How to be a Star Performer: Enhancing your emotional intelligence with self-awareness

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6a00d8341c500653ef019b04afd971970d-800wiOur last two posts examined the importance of Emotional Intelligence (EQ) in personal branding and how it significantly contributes to becoming a star performer. The great news is that EQ is something that can be learned and developed over time.

In this post, we focus on developing what is considered to be the most important component of EQ, self-awareness. Taking the EQ inventory in our last post is a first step in increasing self-awareness. Hopefully it helped you identify the areas where you are doing well, and also where lower EQ may be impacting your performance and the people around you.

Being self-aware means you know what you stand for, what you are feeling and why, and how your emotions and actions can affect those around you. It also means knowing your strengths and weaknesses and practicing humility. As a psychologist, I’ve spent a considerable amount of time working on this with clients, however I’ve narrowed it down to seven basic tips to help get you started.

  • Assess your values – Invest some time in examining your core personal values. They embody who we want to be in this world, what we want to stand for, and how we want to relate to others. They also represent what’s most important to you in life. Communicate your values consistently so that others will also know what you stand for. Take a look at our post on values for more on this.
  • Press pause – When you experience strong emotions, take a second to step back and examine what’s unfolding. Identify what the emotion is (e.g., anger, guilt, anxiety), what it is telling you, and what the trigger was (i.e., what happened right before you felt the emotion). Look carefully at the trigger to see if it can be eliminated or reduced. If you can’t change the trigger, take a look at what you can change, including how you react or relate to it.
  • Keep a thought journal – Once you identify an emotion and its trigger, it helps to also identify and write down any thoughts you had immediately before the emotion. Are they helpful or unhelpful? Logical or illogical? These beliefs are often what cause our emotional response. For example, rigid rules or “shoulds” about how others behave can trigger anger or frustration, just as “catostrophising” a situation can fuel anxiety. Examining these thoughts can help with higher self-awareness.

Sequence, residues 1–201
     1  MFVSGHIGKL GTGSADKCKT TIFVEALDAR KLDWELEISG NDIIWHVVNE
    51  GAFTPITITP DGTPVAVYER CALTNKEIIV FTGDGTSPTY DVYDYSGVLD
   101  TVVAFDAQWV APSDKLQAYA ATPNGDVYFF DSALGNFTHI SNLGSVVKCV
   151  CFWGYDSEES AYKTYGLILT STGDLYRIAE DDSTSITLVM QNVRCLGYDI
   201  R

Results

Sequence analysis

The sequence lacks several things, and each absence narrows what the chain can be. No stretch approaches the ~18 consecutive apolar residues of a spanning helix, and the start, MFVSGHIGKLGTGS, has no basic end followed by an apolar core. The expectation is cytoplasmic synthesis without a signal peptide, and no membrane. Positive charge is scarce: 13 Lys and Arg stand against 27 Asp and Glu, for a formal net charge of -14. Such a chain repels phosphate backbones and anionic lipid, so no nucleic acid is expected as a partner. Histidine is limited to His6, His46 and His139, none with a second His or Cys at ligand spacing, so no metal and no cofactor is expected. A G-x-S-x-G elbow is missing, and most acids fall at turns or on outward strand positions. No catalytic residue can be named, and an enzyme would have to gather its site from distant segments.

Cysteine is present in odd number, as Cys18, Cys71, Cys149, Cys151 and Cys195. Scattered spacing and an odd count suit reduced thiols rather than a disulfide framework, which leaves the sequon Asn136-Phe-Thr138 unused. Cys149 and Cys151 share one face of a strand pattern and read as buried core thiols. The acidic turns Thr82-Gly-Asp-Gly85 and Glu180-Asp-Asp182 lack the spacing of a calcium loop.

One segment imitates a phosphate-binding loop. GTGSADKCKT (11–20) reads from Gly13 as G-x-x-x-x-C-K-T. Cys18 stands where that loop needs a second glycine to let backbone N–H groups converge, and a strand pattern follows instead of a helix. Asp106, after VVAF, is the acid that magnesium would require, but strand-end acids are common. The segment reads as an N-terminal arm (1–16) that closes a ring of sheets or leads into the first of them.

• Name your stories – As a sum total of our experiences, we carry all sorts of messages from the past. Some of these are unhelpful messages that can become quite loud and “hook” us, so we buy into them as if they are facts (e.g., the “I’m not good enough” story). What themes of negative thoughts emerge in your mind on a regular basis? You don’t have to know exactly where this “story” is coming from in order to be aware of it and how it impacts your emotions and behaviour. See if you can “name the story” and give it less weight or importance in your day-to-day life. Check out the brilliant work of Russ Harris for more on this.
  • Catch stereotypes and judgments – Take a careful and honest look at how you respond to people. What stereotypes do you tend to have? Be aware of them by noticing when your mind comes up with these labels. What judgments do you hold about others? Notice when you tend to jump to judgment before you know all of the facts. To be more open and accepting of different perspectives and needs, try stepping into the shoes of those you stereotype or judge (more on this in a future post).
  • Evaluate strengths and weaknesses – Do an honest assessment of strengths and weaknesses, or ask others to help you identify them. Check out this post by Mindtools for help with this. While it’s important to understand weaknesses to improve performance, identifying your strengths and how to “play to them” is critical for success. Focus on areas where you can excel (and not just solely on weaknesses to simply become competent) in order to create opportunities that will raise your overall performance levels.
  • Practice humility – Instead of seeking attention for accomplishments, people with high EQ practice humility. This doesn’t mean that they lack self-confidence or self-promotion, or are shy, but rather that they have a strong awareness of their achievements and can be quietly confident about them.  Of course, humility needs to be balanced with the appropriate level of self-promotion so that others who matter (e.g., your superiors) know who you are and are aware of your contributions. Instead of always seeking out praise and recognition, try giving others a chance to shine by sharing the spotlight.

In my next post, we’ll continue with strategies to build the next component of EQ, Self-Regulation. Stay tuned!


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